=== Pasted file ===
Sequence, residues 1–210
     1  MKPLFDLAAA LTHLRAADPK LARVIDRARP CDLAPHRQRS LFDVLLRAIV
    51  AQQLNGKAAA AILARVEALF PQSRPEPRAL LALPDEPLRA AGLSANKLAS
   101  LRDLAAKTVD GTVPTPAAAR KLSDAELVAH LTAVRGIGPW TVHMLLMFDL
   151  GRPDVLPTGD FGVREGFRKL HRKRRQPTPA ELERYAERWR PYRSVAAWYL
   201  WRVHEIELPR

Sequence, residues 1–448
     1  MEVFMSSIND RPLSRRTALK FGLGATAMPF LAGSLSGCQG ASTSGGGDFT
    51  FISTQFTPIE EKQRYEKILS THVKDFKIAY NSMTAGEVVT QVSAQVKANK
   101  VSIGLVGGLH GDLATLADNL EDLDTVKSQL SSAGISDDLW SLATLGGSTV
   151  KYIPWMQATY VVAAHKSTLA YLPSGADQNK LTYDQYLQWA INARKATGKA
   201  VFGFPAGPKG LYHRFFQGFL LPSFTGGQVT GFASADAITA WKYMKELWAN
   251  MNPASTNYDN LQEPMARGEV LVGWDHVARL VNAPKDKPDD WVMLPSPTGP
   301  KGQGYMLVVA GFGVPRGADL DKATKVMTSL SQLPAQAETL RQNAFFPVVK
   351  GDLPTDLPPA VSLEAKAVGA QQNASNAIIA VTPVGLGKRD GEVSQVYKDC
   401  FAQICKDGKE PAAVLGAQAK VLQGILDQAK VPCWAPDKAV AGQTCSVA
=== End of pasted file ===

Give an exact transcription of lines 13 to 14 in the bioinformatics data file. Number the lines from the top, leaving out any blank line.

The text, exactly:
   251  MNPASTNYDN LQEPMARGEV LVGWDHVARL VNAPKDKPDD WVMLPSPTGP
   301  KGQGYMLVVA GFGVPRGADL DKATKVMTSL SQLPAQAETL RQNAFFPVVK